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When T-Kay Ivie and husband Kent were told their unborn son would die shortly after birth, they were devastated. Halfway into what appeared to be a normal pregnancy they were left to deal with the news without the help of anyone who understood what they were going through.

"You might as well have shot me in the head and I would have felt better," T-Kay Ivie later said.So others won't have to go through the experience alone, the Roosevelt woman is starting a support group for parents who are facing the loss of a newborn.

The medical professional who dropped the bombshell on them was void of emotion and offered an abortion as an alternative to coping with the impending death of their baby. "It was just so cold," she said. "It took us a while to process it. They said they could do an abortion. I said no way."

Ivie vowed to do all she could to ensure that others in her situation wouldn't be alone. "Even though I had to do this alone doesn't mean anyone else does."

Now she's ready to make good on her promise.

"When Sean passed away I knew I wasn't going to let him go for nothing. I knew I wanted to help others," she said.

Since the story of her pregnancy, her son's live birth and his death 30 days later were made public, Ivie said she's been approached by total strangers anxious to share their story with her. "They are willing to be open and they tell me about a baby they lost. They will even show me pictures."

While there are support and bereavement groups for parents who have lost children, Ivie said she's found absolutely nothing for those who face a prenatal diagnosis of the imminent death of an unborn baby.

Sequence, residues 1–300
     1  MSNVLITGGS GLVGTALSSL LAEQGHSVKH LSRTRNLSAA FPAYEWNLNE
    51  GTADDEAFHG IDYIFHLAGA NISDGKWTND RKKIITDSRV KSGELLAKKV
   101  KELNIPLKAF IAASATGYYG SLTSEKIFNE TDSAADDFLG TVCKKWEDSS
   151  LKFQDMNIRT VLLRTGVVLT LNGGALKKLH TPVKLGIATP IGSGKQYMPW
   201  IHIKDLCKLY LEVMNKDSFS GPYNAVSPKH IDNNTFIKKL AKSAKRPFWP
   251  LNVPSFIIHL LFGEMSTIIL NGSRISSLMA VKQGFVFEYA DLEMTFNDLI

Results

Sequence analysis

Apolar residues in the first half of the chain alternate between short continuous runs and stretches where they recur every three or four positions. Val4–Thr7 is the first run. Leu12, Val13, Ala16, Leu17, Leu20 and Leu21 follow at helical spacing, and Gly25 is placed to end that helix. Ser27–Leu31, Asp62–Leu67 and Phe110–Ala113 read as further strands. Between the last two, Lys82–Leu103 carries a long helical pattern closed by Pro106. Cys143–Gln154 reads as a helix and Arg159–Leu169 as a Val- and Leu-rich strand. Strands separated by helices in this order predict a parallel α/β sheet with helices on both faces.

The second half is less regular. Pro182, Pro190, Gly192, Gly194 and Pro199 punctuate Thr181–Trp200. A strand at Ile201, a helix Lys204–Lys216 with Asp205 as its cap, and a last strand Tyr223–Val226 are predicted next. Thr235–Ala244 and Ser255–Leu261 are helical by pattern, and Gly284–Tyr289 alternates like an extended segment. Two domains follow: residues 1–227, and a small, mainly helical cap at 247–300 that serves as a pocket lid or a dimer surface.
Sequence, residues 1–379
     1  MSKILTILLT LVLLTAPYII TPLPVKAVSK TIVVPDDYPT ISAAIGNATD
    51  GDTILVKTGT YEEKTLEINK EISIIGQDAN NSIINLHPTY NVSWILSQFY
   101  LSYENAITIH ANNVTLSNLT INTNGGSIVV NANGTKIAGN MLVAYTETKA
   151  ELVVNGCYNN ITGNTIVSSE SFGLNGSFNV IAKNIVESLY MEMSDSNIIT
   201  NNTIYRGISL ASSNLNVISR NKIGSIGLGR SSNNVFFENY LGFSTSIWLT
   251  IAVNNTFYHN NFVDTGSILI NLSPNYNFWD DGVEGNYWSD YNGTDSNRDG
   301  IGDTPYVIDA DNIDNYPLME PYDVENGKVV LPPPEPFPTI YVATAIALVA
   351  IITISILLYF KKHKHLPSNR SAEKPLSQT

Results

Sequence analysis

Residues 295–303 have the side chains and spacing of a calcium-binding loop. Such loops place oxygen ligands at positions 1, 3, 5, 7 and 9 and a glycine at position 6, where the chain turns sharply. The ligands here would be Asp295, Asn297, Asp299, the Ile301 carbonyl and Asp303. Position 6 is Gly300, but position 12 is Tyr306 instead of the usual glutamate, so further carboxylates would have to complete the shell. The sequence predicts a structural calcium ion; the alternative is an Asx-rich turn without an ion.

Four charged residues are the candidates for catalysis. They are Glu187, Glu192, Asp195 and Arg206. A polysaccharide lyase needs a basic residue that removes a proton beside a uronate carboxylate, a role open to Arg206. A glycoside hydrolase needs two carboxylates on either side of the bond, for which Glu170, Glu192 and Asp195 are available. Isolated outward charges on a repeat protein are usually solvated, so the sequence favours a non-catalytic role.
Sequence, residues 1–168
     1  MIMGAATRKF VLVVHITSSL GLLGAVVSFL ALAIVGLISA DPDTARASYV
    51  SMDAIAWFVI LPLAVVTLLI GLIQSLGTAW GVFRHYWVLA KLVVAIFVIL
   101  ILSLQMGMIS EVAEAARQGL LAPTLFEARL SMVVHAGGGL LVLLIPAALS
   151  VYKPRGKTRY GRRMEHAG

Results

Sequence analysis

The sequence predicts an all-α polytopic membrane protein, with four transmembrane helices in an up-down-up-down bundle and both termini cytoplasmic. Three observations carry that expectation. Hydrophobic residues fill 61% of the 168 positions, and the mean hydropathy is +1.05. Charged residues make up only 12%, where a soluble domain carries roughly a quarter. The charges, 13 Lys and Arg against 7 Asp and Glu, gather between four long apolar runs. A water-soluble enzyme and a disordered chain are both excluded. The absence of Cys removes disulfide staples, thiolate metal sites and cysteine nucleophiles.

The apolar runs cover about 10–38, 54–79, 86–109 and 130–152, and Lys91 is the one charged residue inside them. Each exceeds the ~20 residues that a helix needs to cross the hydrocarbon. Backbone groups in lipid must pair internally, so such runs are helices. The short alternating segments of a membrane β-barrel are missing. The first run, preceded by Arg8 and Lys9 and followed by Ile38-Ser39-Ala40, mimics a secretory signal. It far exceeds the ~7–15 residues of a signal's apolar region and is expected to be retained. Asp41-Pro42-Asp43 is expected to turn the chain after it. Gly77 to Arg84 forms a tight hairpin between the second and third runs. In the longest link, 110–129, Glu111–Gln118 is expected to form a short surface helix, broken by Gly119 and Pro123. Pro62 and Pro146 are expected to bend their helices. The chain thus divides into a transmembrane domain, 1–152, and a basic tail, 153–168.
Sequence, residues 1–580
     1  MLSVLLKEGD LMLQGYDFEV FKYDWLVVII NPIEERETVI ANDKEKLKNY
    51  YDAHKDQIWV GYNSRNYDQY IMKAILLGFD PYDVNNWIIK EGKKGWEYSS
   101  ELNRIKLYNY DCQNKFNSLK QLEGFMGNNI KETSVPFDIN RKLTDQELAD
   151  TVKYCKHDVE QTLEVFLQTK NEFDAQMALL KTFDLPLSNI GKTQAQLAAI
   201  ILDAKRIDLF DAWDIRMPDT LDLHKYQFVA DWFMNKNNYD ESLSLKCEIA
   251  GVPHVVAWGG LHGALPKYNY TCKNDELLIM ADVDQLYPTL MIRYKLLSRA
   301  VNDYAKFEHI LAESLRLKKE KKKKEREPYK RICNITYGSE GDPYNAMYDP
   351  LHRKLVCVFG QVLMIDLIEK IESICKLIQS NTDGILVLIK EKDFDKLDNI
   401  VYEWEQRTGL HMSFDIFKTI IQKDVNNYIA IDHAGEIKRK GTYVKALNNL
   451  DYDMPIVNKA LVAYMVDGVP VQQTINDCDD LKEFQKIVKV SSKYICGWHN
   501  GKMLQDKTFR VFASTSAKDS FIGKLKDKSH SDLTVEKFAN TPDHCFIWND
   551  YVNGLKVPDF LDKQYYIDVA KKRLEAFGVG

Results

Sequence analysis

"This will be the first prenatal support group anywhere we know of to help women continue their pregnancy," she said. "The doctors I've already talked to said it can't help but work because there's nothing like it."

Ironically, Ivie said while counseling is available for those who choose to abort problem pregnancies, nothing is offered those who choose to continue with a pregnancy that doctors predict will end in death of the child or birth of a child with a physical deformity.

"If we had this group out there, maybe more women would carry through with it. They might stick it out. They need to stick it out because they need to know their child."

And, she said, "you never know how it's going to turn out. Look at me, I got 30 days." Doctors had predicted her son would die within an hour of birth.

"Little Angels" is the name she's chosen for the group. It will operate at two levels, focusing on families - parents and their children - who are going through the impending loss of a newborn and the "guardians," those who have lived through similar situations and are eager to help by being there to share their experience, offer advice and comfort, a listening ear and a heart full of empathy and compassion.

The volunteers aren't expected to have formal training in counseling or therapy, Ivie said. In fact, Dr. John Carey, a genetics counselor and professor of pediatrics at the University of Utah Health Sciences Center, told her the lay aspect of the group is what will do the most good for those in need.

"He doesn't want us to take classes, it will overcast our personal experiences. These moms and dads don't care how much schooling we have, they just want to know that we lost a baby and we lived through it. They just want to know how we did it. Their doctors can give them all the medical facts."

Carey gave Ivie the encouragement she needed by putting in her touch with key contacts and starting the paperwork necessary to turn the project into a legally recognized non-profit organization.

"Support groups play a significant role in providing a service that often professionals can't provide because they don't have that common bond, that fellow traveler kind of awareness," Carey said.

She envisions the effort starting in the Uintah Basin and blossoming into a nationwide group.